On the other hand, some of these theories about who killed JFK, well, we don't want to break the Wild-O-Meter, do we?  You can't buy them at the 99 cents store anymore.

While psychologists can’t know exactly what goes on inside our heads, they have, through surveys and laboratory studies, come up with a set of traits that correlate well with conspiracy belief. In 2010, Swami and a co-author summarized this research in The Psychologist, a scientific journal. They found, perhaps surprisingly, that believers are more likely to be cynical about the world in general and politics in particular.
Now everyone here knows cynicism isn't rational, right?  Your leaders are always acting in good faith, of course.
Economic recessions, terrorist attacks and natural disasters are massive, looming threats, but we have little power over when they occur or how or what happens afterward. In these moments of powerlessness and uncertainty, a part of the brain called the amygdala kicks into action.
So, you see, if you stop searching for explanations for economic recessions, terrorist attacks, and natural disasters, and just accept that your tendency to do so is a product of your errant amygdala, you will be closer to enlightenment!

 

Our access to high-quality information has not, unfortunately, ushered in an age in which disagreements of this sort can easily be solved with a quick Google search. In fact, the Internet has made things worse. Confirmation bias — the tendency to pay more attention to evidence that supports what you already believe — is a well-documented and common human failing. People have been writing about it for centuries. In recent years, though, researchers have found that confirmation bias is not easy to overcome. You can’t just drown it in facts.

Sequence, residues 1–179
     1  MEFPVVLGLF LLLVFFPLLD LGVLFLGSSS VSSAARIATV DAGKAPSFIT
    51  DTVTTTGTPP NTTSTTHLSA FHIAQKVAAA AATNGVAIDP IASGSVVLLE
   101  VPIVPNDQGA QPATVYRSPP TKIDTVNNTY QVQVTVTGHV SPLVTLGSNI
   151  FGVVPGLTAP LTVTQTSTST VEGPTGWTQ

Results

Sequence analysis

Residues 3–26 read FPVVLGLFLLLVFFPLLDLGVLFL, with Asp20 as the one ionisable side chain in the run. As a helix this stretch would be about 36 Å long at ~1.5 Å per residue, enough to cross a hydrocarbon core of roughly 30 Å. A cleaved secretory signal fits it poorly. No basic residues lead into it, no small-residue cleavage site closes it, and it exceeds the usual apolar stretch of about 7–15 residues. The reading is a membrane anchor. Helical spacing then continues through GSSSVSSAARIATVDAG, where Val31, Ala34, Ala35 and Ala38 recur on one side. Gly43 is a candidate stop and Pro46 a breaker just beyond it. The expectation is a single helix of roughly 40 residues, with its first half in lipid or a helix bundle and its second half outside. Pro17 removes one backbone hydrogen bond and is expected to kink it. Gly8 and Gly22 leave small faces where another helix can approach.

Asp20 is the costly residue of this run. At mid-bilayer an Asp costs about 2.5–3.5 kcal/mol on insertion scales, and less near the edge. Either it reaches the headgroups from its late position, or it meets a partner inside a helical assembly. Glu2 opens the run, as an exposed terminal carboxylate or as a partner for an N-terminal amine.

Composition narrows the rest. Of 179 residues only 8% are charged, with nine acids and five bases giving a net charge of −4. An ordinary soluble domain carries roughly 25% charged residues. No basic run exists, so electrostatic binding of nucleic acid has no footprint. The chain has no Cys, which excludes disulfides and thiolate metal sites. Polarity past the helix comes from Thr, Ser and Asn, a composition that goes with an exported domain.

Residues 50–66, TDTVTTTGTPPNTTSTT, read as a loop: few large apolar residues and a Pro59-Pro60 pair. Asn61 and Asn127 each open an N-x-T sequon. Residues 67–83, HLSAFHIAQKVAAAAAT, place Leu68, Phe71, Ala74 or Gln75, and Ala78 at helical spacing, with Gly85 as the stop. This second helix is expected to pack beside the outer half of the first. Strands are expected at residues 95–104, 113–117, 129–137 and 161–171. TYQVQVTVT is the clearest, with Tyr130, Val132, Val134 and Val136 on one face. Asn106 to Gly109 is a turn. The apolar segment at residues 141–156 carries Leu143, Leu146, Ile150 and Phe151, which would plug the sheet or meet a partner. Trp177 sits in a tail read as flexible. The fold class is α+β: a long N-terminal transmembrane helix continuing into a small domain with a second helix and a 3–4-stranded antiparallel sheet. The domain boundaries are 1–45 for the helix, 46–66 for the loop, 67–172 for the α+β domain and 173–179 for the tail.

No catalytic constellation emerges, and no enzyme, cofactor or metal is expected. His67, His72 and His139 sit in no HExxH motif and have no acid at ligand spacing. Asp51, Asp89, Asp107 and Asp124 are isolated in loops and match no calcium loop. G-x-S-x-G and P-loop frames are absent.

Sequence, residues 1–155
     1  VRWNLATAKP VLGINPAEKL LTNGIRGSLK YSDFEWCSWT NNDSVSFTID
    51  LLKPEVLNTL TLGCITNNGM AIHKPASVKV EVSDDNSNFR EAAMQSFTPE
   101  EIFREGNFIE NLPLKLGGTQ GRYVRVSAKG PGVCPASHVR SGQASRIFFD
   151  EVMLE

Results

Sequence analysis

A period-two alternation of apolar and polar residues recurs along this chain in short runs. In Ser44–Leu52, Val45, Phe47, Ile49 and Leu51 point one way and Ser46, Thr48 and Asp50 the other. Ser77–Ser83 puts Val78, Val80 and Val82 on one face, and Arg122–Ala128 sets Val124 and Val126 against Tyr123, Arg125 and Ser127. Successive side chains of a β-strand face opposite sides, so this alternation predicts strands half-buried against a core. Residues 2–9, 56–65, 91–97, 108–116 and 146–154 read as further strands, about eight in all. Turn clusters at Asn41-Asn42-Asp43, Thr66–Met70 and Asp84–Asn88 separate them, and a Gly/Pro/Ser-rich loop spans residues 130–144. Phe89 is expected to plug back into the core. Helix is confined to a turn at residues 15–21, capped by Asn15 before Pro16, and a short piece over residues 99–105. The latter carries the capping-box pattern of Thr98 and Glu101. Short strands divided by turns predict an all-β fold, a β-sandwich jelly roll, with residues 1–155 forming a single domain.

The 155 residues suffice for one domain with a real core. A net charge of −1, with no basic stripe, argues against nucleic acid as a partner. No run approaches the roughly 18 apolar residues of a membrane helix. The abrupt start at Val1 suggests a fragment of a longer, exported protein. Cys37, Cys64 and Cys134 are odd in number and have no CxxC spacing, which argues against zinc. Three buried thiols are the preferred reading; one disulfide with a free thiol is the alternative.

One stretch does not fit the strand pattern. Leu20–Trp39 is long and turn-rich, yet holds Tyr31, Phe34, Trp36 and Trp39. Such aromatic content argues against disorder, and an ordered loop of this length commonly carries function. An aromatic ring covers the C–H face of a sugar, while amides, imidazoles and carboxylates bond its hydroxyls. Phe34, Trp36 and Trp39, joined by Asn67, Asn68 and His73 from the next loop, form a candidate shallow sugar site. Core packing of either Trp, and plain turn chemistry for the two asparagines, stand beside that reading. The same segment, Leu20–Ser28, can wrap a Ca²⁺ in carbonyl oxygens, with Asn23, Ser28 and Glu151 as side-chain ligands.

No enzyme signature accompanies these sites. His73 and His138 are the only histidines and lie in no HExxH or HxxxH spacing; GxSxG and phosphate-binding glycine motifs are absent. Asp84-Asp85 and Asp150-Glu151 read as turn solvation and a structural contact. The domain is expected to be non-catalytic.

And so, you see, our social scientists have everything under control.  All that's left for us to do is to believe all of that "high quality information" we're given, and restrain our impulses to reside in the land of "confirmation bias," which prevents us from seeing the light.
Psychologists aren’t sure whether powerlessness causes conspiracy theories or vice versa. Either way, the current scientific thinking suggests these beliefs are nothing more than an extreme form of cynicism, a turning away from politics and traditional media — which only perpetuates the problem.
Thus if we can all quit "turning away from politics and traditional media," and learn to accept the system, we can overcome those feelings of powerlessness as they are caused by our belief in conspiracy theories.

See?  Problem solved.  Conspiracy theories are all just in our heads, and the quicker we recognize that, the more easily we'll be able to ignore them, and get on with the enlightened task of believing what we're told.

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Comment Preferences

  •  No conspiracy theory comments! (24+ / 0-)

    Pizza and ping-pong!  That's my story, and I'm stickin' to it!

    "It takes great courage to see the world in all its tainted glory, and still to love it." Oscar Wilde

    by Cassiodorus on Wed May 22, 2013 at 01:32:56 PM PDT

    •  PBO is the Manchurian Candidate... (2+ / 0-)
      Recommended by:
      joe shikspack, Cassiodorus

      Pizza and ping pong are the triggers.

    •  It's also signs of a conspiracy theory mentality (1+ / 0-)
      Recommended by:
      Cassiodorus

      if you think that b/c the President sat on his ass for months when people were handing him memos entitled "Bin Laden determined to strike targets inside U.S." and because he then subsequently sat on his ass reading "My Pet Goat" while the U.S. was under attack, there might be something fishy about it. Banhammer on you, evil amygdala-driven monkey!